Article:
Potted Plants Sail Through Summer

By LeAnn Locher, PQ Monthly

photoAs we ease into the dog days of summer, I realize the flush of blooms and grandiose abundance of new growth has given way to “hanging on.” Plants at full growth of the year, basking in the heat and the sun and holding tight. No turning of leaves or browning of spent perennials yet, but not the excess flowers of springtime. And so it is, I’m ever so grateful for my pots.

Pots of annuals, perennials, and evergreens intermingle throughout the garden, with groupings of them on hard surfaces like the front porch and back patio, and tucked into corners and made into focal points in the garden. I’ve been honing my approach to the pots and their plants for sometime, and while I had just about given up on them due to their need to be watered regularly, I’m glad once again I have them this time of year. They provide interest, freshness, color and texture throughout the summer, but particularly, mid to late summer, when the garden seems to need the pick-me-up the most.

What I’ve learned about planting in pots as follows.

plants 3• Go big or go home. A hot patio full of tiny little clay pots is a recipe for failure. Larger pots hold larger amounts of soil, and don’t require as much daily watering when it gets hot and dry. Even in a small space, a large pot allows for unique plant combinations, and creates a dramatic focal point.

• Succulents are your friends.  Dry-loving succulents go a long ways in pots, and many will winter over. If you go away for a weekend, you don’t have to worry about coming home to crispy critters left in your pots. There’s a huge world of succulents, and combining several in one pot creates interesting textures and color combinations.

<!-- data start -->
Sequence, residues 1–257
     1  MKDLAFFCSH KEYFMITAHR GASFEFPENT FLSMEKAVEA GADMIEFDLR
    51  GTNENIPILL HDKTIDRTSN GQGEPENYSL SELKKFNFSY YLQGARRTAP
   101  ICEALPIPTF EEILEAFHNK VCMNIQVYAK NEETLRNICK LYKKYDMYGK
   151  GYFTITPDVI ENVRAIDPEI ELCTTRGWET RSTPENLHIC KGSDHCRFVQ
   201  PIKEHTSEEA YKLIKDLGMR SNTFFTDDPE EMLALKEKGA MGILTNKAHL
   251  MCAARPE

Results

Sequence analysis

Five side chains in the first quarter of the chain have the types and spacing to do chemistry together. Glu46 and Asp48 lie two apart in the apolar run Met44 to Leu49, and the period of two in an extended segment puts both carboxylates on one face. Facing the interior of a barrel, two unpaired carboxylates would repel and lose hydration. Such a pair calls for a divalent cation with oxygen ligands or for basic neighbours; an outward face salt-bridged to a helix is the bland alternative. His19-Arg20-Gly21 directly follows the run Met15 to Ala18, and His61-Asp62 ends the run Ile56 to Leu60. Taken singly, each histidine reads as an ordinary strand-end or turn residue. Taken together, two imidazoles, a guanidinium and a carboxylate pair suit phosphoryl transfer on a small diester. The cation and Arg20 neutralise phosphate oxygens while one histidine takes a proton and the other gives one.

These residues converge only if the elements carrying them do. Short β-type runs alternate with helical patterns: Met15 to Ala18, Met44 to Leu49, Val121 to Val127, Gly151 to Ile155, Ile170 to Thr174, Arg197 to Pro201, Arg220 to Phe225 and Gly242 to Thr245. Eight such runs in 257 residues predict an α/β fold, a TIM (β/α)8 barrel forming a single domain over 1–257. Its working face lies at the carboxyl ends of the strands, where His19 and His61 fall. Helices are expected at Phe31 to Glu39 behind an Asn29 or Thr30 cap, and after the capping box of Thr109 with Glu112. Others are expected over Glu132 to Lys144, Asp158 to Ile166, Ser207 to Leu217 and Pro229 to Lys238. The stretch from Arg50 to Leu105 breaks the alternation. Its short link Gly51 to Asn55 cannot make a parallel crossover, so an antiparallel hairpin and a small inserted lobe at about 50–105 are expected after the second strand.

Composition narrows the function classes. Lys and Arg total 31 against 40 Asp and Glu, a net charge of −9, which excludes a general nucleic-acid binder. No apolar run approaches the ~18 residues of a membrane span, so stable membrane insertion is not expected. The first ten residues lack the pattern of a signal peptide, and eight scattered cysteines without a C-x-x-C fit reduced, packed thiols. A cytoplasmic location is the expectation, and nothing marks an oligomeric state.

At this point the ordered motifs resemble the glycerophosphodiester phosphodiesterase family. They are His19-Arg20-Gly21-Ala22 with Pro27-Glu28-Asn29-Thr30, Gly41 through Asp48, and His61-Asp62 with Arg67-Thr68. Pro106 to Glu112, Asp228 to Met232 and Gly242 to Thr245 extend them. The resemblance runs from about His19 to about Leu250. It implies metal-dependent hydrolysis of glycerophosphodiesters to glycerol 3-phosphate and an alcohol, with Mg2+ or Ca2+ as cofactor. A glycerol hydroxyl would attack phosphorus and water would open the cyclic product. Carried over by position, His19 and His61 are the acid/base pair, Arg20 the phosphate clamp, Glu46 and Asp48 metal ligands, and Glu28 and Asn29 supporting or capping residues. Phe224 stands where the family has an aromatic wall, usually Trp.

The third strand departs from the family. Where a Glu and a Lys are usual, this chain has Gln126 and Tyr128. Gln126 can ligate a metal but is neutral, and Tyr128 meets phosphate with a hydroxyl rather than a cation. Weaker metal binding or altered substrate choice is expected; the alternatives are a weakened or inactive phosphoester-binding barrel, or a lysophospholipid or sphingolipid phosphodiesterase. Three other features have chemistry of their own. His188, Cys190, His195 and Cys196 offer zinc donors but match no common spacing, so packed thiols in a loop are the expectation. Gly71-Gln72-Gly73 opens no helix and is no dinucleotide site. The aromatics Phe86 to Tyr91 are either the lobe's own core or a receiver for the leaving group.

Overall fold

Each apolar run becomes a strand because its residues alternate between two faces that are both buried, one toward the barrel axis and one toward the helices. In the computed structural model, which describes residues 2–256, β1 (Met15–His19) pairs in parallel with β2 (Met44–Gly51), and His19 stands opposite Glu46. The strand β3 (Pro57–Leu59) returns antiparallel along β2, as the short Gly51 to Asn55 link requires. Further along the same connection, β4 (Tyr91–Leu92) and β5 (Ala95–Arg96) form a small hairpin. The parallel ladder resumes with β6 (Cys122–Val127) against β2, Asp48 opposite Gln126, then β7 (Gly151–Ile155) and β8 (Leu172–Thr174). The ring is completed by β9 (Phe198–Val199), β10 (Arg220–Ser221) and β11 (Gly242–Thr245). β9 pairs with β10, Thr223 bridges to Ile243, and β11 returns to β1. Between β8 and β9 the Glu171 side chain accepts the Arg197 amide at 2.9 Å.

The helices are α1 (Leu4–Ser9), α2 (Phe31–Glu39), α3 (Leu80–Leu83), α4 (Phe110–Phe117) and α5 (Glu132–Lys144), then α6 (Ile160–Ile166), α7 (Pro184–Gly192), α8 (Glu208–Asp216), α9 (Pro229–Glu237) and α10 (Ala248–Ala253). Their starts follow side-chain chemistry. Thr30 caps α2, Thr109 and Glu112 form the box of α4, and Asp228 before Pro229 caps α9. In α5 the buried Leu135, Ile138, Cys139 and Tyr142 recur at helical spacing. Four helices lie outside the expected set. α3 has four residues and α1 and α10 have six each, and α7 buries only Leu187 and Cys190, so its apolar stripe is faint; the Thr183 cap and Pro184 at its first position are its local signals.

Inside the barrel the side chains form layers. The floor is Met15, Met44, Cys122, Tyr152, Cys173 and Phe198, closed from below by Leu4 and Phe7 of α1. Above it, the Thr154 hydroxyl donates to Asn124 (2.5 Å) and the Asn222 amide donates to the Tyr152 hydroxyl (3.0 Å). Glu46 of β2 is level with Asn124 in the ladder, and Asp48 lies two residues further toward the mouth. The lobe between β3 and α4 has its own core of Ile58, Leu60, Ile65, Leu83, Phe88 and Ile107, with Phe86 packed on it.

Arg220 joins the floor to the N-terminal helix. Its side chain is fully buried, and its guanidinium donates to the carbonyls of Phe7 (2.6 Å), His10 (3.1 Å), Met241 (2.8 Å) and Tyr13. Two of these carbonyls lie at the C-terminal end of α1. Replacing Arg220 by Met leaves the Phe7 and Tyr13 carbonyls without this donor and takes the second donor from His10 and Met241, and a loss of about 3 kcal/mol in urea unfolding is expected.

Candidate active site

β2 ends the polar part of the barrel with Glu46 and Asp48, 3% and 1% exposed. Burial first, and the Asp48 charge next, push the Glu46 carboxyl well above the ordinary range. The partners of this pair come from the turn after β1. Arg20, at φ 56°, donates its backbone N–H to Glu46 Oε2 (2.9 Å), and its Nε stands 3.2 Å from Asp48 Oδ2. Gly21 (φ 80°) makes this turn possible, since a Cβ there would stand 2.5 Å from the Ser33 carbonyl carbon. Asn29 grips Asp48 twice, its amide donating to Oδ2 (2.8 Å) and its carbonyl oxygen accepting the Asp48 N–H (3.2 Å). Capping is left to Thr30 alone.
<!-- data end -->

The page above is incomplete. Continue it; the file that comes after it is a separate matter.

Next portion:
• Group potted plants together. One large pot of combined plants is great, but add two more in contrasting sizes and you can have an interesting vignette. My front porch currently houses a frog planter planted with sedums, a happy welcome pot of coleus and gerbera daisy, and two red sparkly shoes filled with sedums. It’s strange and welcoming. Which leads us to:

photo (2)• Experimentation is good. Weird is good.  Pots and how you plant them or combine them can be outrageously fun. Against our bright blue garage wall, I potted an intense red Love Lies Bleeding amaranth. Pots in the form of heads, allowing the plants to be the “hair” hold a special place in my heart. My favorite one right now has dreadlocks of sedum.

• Pots themselves are a statement.  A unique shape, large size, interesting glaze on a pot may need little extra flair with flamboyant plants. Placing it as a focal point in the garden, filled with one special plant and a glass sculpture to capture the light can be dramatic and beautiful.

• Don’t forget the mulch. Mulch serves a purpose in preventing dirt splash back onto leaves when you water, but it also can be interesting to the eye. Think about marbles, tumbled glass, polished rocks, or even filbert shells as good mulch options.

LeAnn Locher is a home arts badass and tends to her North Portland garden with her partner and their dog, Diego. You can reach her facebook.com/sassygardener or at leann@pqmonthly.com .